By Emmalee C. Torisk
The blustery 40-degree weather Friday morning wasn’t exactly springlike, but several Liberty in Bloom volunteers still bundled up to clean out a flower bed on Liberty Street and fill it with bright yellow zinnias.
Those flowers will bloom in two weeks, providing an inviting entryway to the community, said Jodi Stoyak, a township trustee. They will soon be complemented by a fence full of climbing morning-glory vines.
“Beautifying your community is very important. Ever since I moved here, I wanted to make this a better place to live,” said Stoyak, who has lived in Liberty for 19 years. “It all makes a welcoming spot for you to enter your community, for people to want to move to your community.”
This year marks the 12th for Liberty in Bloom, which was founded by Stoyak, then a private citizen, along with Bessie Anderson, a master gardener, and June Smallwood, the township’s former parks and special projects coordinator.
Although Liberty in Bloom started small, it quickly expanded once others began to take notice of members’ work, said Anderson, who added that the project “keeps on growing.”
“It’s nothing that one person can do. It’s a joint community effort,” she said. “We have a wonderful community and a lot of entry roads. I thought that people coming to our area, we’d like to welcome in the best way we know how: with flowers.”
The volunteer-driven organization now boasts 30 members who plant and maintain 24 flower beds in the township. Locations include several of the township’s high-traffic areas, along with its administration building and parks, Stoyak said.
Janice Coombs, who said she simply likes “to play in the dirt,” is in her fifth year of volunteering with the group.
“People do notice this,” she said, referring to the Liberty Street flower beds. “Rather than have this bed full of weeds, these cars stop at the light, and they see flowers. It’s nothing more complicated than that.”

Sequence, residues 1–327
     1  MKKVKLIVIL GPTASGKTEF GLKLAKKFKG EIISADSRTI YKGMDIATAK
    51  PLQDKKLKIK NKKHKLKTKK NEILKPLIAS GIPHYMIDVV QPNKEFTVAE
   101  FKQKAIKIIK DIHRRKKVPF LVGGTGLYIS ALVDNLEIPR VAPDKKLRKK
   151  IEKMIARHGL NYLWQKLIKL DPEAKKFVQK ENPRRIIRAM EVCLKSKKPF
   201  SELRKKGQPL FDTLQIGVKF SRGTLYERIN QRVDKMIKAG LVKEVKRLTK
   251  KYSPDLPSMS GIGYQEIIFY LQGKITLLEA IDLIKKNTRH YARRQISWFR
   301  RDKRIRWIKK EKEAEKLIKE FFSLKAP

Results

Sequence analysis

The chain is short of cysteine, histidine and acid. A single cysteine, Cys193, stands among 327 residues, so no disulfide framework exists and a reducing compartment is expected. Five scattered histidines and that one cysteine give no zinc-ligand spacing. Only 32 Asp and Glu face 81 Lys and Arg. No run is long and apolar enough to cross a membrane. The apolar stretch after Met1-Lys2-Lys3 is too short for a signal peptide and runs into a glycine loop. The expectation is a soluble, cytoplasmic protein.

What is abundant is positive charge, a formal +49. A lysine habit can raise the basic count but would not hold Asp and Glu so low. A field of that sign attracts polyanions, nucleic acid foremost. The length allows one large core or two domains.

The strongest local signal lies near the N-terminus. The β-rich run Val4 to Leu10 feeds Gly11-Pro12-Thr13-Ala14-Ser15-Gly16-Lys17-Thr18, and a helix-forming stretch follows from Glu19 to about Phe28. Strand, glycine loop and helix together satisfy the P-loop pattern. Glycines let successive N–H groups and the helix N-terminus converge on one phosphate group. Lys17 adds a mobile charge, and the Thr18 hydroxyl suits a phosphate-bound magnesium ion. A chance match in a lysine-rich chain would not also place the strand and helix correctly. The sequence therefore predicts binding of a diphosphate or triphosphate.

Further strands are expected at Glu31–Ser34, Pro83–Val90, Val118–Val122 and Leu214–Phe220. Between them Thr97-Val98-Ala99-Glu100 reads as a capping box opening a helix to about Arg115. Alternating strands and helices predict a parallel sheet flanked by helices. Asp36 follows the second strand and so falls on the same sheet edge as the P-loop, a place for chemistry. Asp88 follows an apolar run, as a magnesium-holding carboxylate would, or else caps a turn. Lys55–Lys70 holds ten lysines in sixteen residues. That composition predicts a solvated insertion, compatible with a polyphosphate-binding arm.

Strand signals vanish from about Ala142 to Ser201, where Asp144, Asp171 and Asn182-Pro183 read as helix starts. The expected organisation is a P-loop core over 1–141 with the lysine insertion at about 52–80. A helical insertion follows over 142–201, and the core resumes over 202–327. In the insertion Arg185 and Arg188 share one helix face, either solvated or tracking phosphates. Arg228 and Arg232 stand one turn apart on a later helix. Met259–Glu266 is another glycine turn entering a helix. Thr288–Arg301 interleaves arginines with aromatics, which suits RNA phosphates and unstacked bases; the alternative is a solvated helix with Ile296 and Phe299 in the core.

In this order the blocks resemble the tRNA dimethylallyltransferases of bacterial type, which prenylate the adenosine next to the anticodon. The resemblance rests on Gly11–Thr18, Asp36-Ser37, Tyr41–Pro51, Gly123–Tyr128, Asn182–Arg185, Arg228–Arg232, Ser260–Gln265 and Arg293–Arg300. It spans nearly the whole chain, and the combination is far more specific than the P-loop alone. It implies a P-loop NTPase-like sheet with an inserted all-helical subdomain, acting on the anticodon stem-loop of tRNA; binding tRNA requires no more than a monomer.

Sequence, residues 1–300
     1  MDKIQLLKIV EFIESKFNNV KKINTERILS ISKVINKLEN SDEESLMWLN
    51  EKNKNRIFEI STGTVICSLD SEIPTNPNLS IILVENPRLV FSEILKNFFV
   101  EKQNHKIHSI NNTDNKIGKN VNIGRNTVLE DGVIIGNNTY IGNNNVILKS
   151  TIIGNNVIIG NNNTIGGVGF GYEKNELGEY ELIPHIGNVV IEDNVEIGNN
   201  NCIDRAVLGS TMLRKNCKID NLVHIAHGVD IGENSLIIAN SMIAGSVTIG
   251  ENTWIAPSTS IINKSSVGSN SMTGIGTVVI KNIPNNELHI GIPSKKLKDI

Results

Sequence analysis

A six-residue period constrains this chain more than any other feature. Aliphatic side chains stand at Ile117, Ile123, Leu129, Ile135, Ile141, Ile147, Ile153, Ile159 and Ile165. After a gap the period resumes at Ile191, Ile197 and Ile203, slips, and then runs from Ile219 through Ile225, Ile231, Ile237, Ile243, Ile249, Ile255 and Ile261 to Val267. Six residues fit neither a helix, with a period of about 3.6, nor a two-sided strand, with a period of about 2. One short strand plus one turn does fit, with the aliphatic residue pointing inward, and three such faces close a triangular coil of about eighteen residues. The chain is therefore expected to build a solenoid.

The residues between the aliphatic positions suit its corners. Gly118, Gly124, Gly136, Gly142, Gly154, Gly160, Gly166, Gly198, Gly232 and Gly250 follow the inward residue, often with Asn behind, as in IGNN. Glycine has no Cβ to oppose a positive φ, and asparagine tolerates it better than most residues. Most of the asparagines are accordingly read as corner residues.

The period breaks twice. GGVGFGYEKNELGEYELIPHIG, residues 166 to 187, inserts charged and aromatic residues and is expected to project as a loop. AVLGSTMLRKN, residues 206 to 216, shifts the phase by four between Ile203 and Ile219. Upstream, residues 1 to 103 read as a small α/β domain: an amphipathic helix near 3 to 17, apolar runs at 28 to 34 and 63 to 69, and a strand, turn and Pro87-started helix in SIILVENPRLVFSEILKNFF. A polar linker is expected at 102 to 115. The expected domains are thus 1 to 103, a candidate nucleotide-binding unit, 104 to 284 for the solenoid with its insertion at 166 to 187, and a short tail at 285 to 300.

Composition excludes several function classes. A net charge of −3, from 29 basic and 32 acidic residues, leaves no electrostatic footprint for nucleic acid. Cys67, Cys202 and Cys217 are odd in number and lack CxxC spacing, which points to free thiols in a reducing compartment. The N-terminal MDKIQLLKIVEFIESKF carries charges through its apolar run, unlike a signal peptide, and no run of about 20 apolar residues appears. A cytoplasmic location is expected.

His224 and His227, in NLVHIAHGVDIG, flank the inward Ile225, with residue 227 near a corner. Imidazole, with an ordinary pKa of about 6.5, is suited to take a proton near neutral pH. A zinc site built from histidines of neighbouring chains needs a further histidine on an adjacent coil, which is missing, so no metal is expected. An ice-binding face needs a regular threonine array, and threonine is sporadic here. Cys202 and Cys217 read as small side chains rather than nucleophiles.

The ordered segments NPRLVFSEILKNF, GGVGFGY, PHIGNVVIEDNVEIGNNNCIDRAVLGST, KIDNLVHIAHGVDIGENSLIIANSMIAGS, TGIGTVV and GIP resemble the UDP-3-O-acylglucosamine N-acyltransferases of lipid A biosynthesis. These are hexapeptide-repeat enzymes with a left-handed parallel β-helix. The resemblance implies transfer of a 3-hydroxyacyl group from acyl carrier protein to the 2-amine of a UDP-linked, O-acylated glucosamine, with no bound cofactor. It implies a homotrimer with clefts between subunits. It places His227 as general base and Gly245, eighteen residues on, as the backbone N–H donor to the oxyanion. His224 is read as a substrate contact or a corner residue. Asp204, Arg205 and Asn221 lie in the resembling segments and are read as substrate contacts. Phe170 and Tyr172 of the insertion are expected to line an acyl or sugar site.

Liberty in Bloom isn’t funded by the township but instead through the collecting and selling of aluminum cans and through soliciting donations from area businesses, organizations and residents. Most have been more than willing “to open up their hearts and their wallets to this great cause,” Stoyak said.
So far this year, Liberty in Bloom has spent $500 on flower beds. In past years, the organization often spent $1,500 on flowers alone. This year’s savings, Stoyak said, stem from volunteers buying seeds and planting them in their homes over the winter.
Growing flowers from seeds, like the zinnias planted on Liberty Street, rather than buying full-grown plants allows the organization to make better use of its funds, said Janet Yaniglos, a five-year volunteer who works with fellow master gardener Carol Cupan to plan the township’s beds.
Volunteering with the group fosters a sense of community pride, Yaniglos said.
“It’s always nice to beautify the place you live,” she said. “I think it draws more people into doing it in their own yards, or joining in and doing it with us.”
Yaniglos added that there are many ways to become involved with Liberty in Bloom, and the organization is always looking for volunteers, especially in May and June — which is the ideal time for planting. In the later months of summer, volunteers concentrate on maintenance, such as watering or weeding.
“There’s lots of public landscaping going on by amateurs, and I think it’s a great thing happening,” Yaniglos said. “I think the idea of making beautiful landscapes across our communities is something that’s just going to keep growing, and we’re proud to be at the forefront of it.”
To volunteer with Liberty in Bloom, contact Stoyak at 330-759-1315, ext. 101.